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That Sinking Feeling

by Fr. Godfrey Bushmaker, O.Praem.

 

But when he saw how strong the wind was he became frightened; and, beginning to sink, he cried out, ‘Lord save me!’

It’s not difficult for us to imagine Peter, panic-stricken, sinking into the water and trying to somehow climb back up. We should take note, however, that Peter’s floundering began only after he turned his attention away from our Lord and toward the wind and waves.

Peter’s experience sounds like a physical manifestation of the sensation sometimes referred to as “that sinking feeling”—the feeling we have when things begin slipping out of our control and go from bad to worse. It feels like our insides are shriveling up and leaving us hollow inside. This is the awful feeling of despair which arises from a lack of faith—whether it be in a natural or supernatural remedy.

A natural lack of faith can arise when we despair of a remedy coming from people (due to their imperfections) or from material creation (because of its indiscriminate power). For instance, it is what we feel when we’re certain that nobody in the office ever thought to make a backup of the company’s database (the one that you just accidentally deleted).

A supernatural lack of faith, of course, involves a lack of trust in God’s abilities or love for us, and is typically felt by those convinced that nothing can prevent them from falling into their old sinful habits and being condemned.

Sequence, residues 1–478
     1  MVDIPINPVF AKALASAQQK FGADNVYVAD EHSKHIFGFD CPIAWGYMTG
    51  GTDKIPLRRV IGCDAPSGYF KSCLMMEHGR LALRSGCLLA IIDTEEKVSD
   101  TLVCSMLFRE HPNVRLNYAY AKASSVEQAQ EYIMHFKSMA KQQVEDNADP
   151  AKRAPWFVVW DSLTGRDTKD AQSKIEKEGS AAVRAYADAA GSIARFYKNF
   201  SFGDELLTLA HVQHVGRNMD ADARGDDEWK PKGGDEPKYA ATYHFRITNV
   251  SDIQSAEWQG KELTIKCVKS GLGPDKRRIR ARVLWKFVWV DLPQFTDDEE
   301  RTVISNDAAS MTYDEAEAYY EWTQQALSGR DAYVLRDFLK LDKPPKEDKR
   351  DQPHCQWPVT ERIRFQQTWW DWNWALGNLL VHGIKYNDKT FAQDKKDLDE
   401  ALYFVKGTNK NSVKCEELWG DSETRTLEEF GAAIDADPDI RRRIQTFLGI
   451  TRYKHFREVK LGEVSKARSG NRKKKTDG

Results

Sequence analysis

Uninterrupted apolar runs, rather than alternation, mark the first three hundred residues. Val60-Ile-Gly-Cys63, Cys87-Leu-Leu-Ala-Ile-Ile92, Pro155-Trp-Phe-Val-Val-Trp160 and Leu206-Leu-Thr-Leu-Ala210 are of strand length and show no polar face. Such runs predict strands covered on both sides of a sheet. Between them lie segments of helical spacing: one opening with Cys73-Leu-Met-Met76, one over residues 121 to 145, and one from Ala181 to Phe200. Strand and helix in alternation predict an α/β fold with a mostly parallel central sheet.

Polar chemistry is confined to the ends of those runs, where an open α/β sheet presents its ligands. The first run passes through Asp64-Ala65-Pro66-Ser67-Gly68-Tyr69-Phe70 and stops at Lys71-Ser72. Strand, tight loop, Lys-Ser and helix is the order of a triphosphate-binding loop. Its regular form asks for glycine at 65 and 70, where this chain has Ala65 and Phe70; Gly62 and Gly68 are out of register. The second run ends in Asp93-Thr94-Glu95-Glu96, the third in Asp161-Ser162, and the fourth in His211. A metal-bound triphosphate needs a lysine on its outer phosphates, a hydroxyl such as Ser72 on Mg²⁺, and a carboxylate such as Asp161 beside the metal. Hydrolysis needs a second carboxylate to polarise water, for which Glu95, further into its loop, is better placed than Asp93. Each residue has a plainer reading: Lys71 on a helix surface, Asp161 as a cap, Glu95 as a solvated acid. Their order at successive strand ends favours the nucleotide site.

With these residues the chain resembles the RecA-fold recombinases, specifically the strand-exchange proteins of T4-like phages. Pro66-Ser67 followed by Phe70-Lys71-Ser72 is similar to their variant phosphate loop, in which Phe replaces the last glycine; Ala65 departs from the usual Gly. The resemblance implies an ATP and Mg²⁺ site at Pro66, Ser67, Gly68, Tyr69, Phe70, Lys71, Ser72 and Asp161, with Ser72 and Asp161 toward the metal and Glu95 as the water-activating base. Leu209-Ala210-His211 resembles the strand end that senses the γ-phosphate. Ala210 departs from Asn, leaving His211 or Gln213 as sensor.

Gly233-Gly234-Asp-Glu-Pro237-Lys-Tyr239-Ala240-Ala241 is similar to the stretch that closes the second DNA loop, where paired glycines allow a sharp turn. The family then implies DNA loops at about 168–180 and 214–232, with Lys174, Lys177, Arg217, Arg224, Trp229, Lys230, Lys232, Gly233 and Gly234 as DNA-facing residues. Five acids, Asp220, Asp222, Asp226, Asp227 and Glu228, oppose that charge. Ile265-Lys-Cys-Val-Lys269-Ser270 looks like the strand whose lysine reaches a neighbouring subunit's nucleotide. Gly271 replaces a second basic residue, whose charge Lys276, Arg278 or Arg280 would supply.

The example of Saint Peter, given for our consideration, includes a bit of both. On the natural side, we have a demonstration that the fear of death increases dramatically once we’re actually in danger—like when we’re drowning. This was the cause of Peter’s loss of natural faith even though he had every reason not to fear, because he had witnessed our Lord work many other miracles before this. Peter’s supernatural faith began to erode when assaulted by his strong emotional reaction to the wind and waves—and this, in turn, happened because he allowed his attention to be distracted from our Lord. Faith had stopped guiding his actions and fear took over.

It was primarily human weakness that was the culprit behind Peter’s sinking, but that weakness shares blame with his willingness to allow his emotions to have too much influence over him. To the degree we allow this overthrow of the rule of reason, to that degree we sin—and we often end up sinking in other ways as well.

And it’s not just the fear of death that has power to overcome our reason, faith and willingness to follow them—it could be any fear or anxiety. For instance, one might cheat on their taxes or steal in some other way out of a fear of financial insecurity; they might lie to their friends about their convictions in order to not “rock the boat” of their relationships; perhaps they may refrain standing up for truth and decency out of a fear of being retaliated against on social media. Normally we should try to preserve a good reputation among all, but it’s wrong to allow fear to grow to the point of stopping us from performing our Christian duties—in other words, to sin by omission.